A Dayton apartment company that sued a Columbus man for defamation was not approved for federal assistance at six Ohio properties in part because of a long list of maintenance concerns.>
A Dayton apartment company that sued a Columbus man for defamation was not approved for federal assistance at six Ohio properties in part because of a long list of maintenance concerns.
Government records, obtained by The Dispatch from the U.S. Department of Housing and Urban Development, provide an independent look at one of the contentions in a $1 million-plus lawsuit filed by the Connor Group against James Raney of Columbus. They describe conditions similar to some of the allegedly defamatory statements Raney made on his blog and other online forums.
In January 2011, HUD said this about a Connor property in Columbus:“Of primary concern with the property is the structural fractures and cracking to a number of the buildings’ walls, foundations and support beams; the condition of exterior stairwells; the questionable condition of the roof (evidence of past and possible leaks were noted throughout the property); the condition of windows, doors and door jambs; extensive sidewalk cracking; inadequate drainage; deteriorated landscaping; bowed stairwell floors; and numerous items of deferred maintenance,” read a letter from William E. Hughes, director of project management in HUD’s Columbus office.
He was writing about Lexington Park on the Northwest Side, a property that the company describes as “luxury apartments.” Inspectors also took dozens of photos showing the conditions.
Ryan Ernst, a Connor Group spokesman, said conditions at the complex are much better than what was shown in the HUD inspection.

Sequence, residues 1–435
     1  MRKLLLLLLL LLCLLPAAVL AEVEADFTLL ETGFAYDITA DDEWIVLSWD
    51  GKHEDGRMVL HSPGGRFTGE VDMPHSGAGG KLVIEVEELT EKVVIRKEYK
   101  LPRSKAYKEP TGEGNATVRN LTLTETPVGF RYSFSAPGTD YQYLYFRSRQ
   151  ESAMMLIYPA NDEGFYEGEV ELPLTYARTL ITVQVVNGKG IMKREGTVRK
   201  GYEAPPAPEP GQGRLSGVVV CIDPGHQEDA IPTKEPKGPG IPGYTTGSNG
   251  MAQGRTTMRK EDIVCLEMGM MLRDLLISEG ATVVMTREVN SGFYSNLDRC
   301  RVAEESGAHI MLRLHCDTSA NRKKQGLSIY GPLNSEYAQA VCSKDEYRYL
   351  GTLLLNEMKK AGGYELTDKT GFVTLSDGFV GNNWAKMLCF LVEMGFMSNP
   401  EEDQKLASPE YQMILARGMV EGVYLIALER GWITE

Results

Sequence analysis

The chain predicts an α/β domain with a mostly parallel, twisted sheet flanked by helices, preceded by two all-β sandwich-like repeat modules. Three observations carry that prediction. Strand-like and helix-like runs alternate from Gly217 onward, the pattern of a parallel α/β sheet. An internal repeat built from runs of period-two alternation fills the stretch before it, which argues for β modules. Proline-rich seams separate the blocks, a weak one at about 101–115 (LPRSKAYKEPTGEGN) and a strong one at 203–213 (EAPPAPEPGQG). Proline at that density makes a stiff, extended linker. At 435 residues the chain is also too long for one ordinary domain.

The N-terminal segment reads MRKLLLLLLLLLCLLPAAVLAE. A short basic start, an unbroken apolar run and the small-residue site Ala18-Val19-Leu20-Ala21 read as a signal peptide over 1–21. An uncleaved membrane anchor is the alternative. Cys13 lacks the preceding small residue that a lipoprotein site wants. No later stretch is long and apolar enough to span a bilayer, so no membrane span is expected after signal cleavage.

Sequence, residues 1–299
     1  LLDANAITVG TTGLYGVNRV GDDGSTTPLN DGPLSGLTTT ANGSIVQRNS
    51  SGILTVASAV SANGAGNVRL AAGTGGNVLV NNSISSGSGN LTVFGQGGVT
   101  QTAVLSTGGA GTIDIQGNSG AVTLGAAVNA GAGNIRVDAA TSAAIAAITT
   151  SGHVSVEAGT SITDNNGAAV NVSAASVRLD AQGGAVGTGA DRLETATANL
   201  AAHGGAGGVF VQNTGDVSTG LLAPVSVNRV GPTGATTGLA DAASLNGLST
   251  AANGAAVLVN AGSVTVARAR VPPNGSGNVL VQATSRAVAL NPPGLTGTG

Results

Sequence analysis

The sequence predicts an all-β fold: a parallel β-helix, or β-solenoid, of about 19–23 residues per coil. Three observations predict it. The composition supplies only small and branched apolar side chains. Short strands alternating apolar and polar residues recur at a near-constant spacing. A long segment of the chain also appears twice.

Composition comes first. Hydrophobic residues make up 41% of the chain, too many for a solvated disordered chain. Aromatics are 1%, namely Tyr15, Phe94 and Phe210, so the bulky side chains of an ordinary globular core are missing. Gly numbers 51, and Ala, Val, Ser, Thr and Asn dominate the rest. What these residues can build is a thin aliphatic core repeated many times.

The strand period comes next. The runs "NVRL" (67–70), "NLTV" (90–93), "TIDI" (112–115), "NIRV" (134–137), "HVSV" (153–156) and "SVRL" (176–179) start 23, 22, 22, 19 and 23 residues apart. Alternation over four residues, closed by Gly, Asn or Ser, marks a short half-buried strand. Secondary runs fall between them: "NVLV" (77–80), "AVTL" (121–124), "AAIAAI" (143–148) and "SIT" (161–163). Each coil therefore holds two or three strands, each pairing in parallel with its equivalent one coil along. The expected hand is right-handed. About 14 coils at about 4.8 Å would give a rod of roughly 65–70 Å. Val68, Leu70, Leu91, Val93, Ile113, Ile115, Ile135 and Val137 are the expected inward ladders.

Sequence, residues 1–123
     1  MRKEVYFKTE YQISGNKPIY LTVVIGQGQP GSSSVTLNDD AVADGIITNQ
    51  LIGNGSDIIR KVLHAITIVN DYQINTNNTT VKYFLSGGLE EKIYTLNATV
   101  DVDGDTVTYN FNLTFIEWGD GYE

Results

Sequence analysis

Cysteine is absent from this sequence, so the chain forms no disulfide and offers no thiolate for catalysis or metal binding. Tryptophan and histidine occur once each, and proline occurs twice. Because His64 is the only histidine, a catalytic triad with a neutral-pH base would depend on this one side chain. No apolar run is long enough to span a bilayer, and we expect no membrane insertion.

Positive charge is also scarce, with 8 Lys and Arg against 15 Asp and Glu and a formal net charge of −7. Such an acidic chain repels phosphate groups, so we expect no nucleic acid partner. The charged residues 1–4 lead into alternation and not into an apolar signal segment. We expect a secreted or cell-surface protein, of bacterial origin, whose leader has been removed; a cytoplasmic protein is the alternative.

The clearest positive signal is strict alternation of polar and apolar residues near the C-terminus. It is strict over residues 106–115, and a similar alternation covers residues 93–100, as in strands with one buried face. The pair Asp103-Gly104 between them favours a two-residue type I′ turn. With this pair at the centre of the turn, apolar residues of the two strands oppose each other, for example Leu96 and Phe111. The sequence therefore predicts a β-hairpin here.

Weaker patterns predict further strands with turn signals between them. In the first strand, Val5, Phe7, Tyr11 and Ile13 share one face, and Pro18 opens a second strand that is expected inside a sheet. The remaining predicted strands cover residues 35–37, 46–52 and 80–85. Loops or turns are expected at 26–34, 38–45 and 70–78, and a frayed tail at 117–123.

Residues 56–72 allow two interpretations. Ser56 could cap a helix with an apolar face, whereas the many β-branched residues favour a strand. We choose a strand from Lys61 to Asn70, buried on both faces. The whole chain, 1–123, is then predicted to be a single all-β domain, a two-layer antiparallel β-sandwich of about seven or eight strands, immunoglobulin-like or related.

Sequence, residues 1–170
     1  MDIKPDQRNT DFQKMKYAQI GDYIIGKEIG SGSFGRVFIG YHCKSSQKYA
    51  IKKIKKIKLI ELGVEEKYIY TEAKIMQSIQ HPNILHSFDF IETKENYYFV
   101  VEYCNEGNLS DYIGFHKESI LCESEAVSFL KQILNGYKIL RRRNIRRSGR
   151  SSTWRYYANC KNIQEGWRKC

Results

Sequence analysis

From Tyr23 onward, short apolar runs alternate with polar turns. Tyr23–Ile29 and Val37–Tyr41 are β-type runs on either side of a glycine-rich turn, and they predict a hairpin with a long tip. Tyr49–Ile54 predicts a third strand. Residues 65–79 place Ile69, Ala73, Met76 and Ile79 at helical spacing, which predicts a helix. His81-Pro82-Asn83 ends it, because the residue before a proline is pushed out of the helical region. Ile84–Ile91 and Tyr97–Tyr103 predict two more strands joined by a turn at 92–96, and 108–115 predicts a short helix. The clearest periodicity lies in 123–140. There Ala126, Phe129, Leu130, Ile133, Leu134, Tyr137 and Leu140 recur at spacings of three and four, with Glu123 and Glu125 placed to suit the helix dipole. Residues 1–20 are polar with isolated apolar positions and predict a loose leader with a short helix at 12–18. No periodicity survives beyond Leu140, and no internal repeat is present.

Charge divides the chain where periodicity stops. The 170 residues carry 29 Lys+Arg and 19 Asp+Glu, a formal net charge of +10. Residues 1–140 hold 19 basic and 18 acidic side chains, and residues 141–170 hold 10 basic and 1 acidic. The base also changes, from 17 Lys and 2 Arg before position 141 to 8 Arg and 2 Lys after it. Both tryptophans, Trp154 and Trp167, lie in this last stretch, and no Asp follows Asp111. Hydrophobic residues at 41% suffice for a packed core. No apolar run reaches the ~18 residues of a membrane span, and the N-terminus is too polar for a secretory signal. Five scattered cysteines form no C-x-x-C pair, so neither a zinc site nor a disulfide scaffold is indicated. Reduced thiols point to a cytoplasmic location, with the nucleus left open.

At the same time, Raney said he is not surprised by the descriptions of the properties in the records. He joked that the logical next step is for Connor to sue HUD, saying in an e-mail that the company should “show the same courage and conviction in trying to silence these slanderous bureaucrats as they did with me.”
Housing advocates say this lawsuit, which The Dispatch first wrote about in March, is unlike anything they have ever seen in a landlord-tenant issue.
“This is just over the top,” said Bill Faith, executive director of the Coalition on Housing and Homelessness in Ohio.
He was surprised by the lawsuit because “most landlords are pretty pragmatic” and would have concerns that a high-profile lawsuit would be bad for business.
Raney, an information-technology developer who now lives in Harrison West, was sued in response to his blog, www.rentn.org, and other online writing in which he described his experiences at a Connor property and posted photos and descriptions of other Connor properties submitted by readers.
Connor has argued that Raney made a series of statements with a “reckless disregard for whether or not they were true.”
The case is in Montgomery County Common Pleas Court in Dayton, which is where Connor is based. Raney’s attorney has filed a motion to dismiss and said the suit is the company’s attempt to silence a critic.
The government records begin in 2010, when Connor applied for mortgage insurance at nine properties in the state through the Federal Housing Administration.
Three properties were approved, and six were not. The applications covered only about half of Connor’s properties in the state.
Lexington Park was Connor’s only central Ohio property inspected by HUD. The others were in the Dayton and Cincinnati areas. (Raney lived at a different Northwest Side complex, the Meridian, which was not inspected; he has written on his website about conditions at Lexington Park and several other properties that were inspected.)
Connor disagreed with assessments made by HUD inspectors, Ernst said in an email.
“So did two different independent inspectors whose reports refute HUD’s characterization of Lexington Park,” Ernst wrote. “We take great pride in the improvements we make to our communities after acquisition. In the 76 months we’ve owned Lexington Park, we’ve completed $2.2 million in proactive capital improvements — well ahead of indust y standard for a community that size.”
He provided two reports from non-government inspectors in which the property was described as being in good repair, one from before the HUD rejection and one from after. One of them, from Nova Consulting of Salt Lake City, said the buildings “appear to have been provided with adequate preventative maintenance” and listed $500 in critical repairs and $1,000 in noncritical repairs.This is in contrast to HUD’s report, which listed $52,846 in critical repairs and $524,964 in noncritical repairs at the complex.